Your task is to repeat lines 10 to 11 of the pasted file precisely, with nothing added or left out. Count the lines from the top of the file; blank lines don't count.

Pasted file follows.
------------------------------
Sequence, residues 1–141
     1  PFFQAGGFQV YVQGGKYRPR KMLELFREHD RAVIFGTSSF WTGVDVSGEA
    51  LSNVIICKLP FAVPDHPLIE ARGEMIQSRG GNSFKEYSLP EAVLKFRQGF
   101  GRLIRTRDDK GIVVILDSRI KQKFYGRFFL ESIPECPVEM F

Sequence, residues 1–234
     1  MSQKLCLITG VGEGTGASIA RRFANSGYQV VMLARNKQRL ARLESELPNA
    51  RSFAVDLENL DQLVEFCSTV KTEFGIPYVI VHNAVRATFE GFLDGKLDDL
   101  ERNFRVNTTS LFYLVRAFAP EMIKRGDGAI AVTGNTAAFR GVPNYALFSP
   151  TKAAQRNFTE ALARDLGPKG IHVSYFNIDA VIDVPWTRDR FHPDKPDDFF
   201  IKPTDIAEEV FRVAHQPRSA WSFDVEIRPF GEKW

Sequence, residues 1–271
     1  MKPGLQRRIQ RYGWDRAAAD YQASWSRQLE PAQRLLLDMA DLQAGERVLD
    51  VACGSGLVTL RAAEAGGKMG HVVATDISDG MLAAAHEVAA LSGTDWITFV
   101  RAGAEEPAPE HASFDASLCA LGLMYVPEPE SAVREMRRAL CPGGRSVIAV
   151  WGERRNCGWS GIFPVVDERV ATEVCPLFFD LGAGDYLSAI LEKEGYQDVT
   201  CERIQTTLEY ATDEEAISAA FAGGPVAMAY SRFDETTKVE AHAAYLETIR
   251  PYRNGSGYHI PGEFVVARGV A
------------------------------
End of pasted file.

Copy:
   201  IKPTDIAEEV FRVAHQPRSA WSFDVEIRPF GEKW

Sequence, residues 1–271